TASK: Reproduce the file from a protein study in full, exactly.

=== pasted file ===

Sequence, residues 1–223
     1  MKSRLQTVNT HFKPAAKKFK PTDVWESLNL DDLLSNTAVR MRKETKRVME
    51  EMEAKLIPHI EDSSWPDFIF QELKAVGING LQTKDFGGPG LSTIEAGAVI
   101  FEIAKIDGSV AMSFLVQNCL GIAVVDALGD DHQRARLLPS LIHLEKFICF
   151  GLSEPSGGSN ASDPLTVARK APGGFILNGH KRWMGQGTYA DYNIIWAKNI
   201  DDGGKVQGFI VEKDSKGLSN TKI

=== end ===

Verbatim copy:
Sequence, residues 1–223
     1  MKSRLQTVNT HFKPAAKKFK PTDVWESLNL DDLLSNTAVR MRKETKRVME
    51  EMEAKLIPHI EDSSWPDFIF QELKAVGING LQTKDFGGPG LSTIEAGAVI
   101  FEIAKIDGSV AMSFLVQNCL GIAVVDALGD DHQRARLLPS LIHLEKFICF
   151  GLSEPSGGSN ASDPLTVARK APGGFILNGH KRWMGQGTYA DYNIIWAKNI
   201  DDGGKVQGFI VEKDSKGLSN TKI